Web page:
Jackson gets a lot of questions about his alternative energy system, too, and he's consistently amazed by how little people know about solar energy. People are afraid of it, he said, because they think you won't be able run your refrigerator when it's raining. Jackson runs into the same ignorance when he tells people about his Toyota Prius, a hybrid that runs on gas and electricity and gets about 42 miles per gallon. People are always asking if he has to keep the car plugged in when he's not driving or if he's got enough power to get over those steep hills.
Beams of hope
Equipping your home with solar power is easy, but homeowners aren't the only ones doing it. From San Luis Obispo's Palm Theatre to Twin Falls Vineyard in San Miguel, business owners, too, are recognizing the benefits of solar energy. Other individuals, meanwhile, are installing solar panels on their RVs and pleasure boats as a practical way of backing up their battery power.
PG&E, which services Central and Northern California, already has over 8,000 customers producing their own solar power, Gavin said. Half of the solar systems in the U.S. are actually in PG&E's coverage area. The power company also makes payments to the California Energy commission to fund public-good programs that include cash rebates for solar units under 30 kilowatts.
As natural disasters scar the South and manmade catastrophes strike the Middle East, energy prices seem likely to rise. So the choice is simple: Prepare to pay higher bills, or prepare yourself with renewable resources. People like Oldham and Jackson have prepared themselves, and their satisfaction shows, as they encourage others to do the same.
"All you see are increases in energy costs," Jackson said, "and you know that doesn't affect you."
Cal Poly wins third place in D.C. solar competition
After years of planning and weeks of judging, the Solar Cal Poly team won third place in the Solar Decathlon, the Department of Energy-sponsored competition to design an environmentally friendly home. The team trucked its home to D.C. a month ago where it has remained on the National Mall for public viewing and judging.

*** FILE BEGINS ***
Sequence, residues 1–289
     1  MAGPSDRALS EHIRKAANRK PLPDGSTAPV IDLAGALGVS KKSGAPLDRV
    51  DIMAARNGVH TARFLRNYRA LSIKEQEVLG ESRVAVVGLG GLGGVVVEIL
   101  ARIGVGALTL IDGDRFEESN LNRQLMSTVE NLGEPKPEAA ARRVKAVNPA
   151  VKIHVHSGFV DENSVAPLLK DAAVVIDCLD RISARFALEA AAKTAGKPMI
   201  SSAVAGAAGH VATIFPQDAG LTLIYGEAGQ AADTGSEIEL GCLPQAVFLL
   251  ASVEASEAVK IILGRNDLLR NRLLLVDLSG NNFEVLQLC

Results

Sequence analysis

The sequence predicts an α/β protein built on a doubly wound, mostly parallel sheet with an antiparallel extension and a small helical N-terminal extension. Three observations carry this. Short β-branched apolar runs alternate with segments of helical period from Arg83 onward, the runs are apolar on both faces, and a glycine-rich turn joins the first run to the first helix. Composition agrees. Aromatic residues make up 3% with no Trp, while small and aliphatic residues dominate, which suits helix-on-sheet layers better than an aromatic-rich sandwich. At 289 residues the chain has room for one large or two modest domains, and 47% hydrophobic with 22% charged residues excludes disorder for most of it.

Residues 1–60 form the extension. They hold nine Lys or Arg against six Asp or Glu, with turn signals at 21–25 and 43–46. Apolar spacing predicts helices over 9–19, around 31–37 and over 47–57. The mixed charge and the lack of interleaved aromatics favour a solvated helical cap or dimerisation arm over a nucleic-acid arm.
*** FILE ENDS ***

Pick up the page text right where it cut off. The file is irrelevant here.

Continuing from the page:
Cal Poly was the only school from California represented in the competition, and they trucked their entry farther than any other team. But the transportation of the house was not without incident. Ray Ladd of the Cal Poly School of Architecture and Environmental Design said the house was damaged by a hit-and-run accident in Tennessee.
- PANEL DISCUSSION: Many residents dread the impact that a dozen solar panels will have on their homes curb appeal, especially if the front of their home faces south - the side where solar panels are most efficient. But for most, the economic benefits still outweigh the aesthetic drawbacks.
#Despite having to order rare tiles to fix the damage, Cal Poly took first place in two of the decathlon events: the lighting competition and Appliances Efficiency. They also scored second in the Architecture, Comfort Zone, and Dwelling categories. The University of Colorado came in first place and Cornell University came in second out of the 18 teams.
According to a press release, over the last two years more than 100 students from different departments contributed to the building of the house. The home will return to Cal Poly sometime next week where it will eventually be used as a center for ongoing education use. To learn more about Solar Cal Poly and see a time-lapse video of the house being built, visit http://solardecathlon.calpoly.edu/.
Master's Electrical Engineering student Robert Johnson said he was offered numerous jobs while in D.C.
"It was very exciting, probably the highlight of my higher education so far," he said.
Johnson said the team had to really strategize their power usage to gain third place. "It was a very intense competition, kind of on a nerdish level. It was a scientific chess game."
Johnson wanted to thank Hank Lewis of IBEW 639 for all his help with the project.
Here comes the sum
Last month the California Assembly squashed what would have been the nation's largest solar power initiative. Authored by State Senator Kevin Murray and supported by Governor Schwarzenegger, the Million Solar Roofs bill included $2.5 billion in consumer rebates over 10 years and would have required solar panels as a standard option for new homebuyers. State and federal incentives still allow consumers to save about 30 percent on the cost of their solar installation, bringing the price of a basic, residential module down to about $15,000.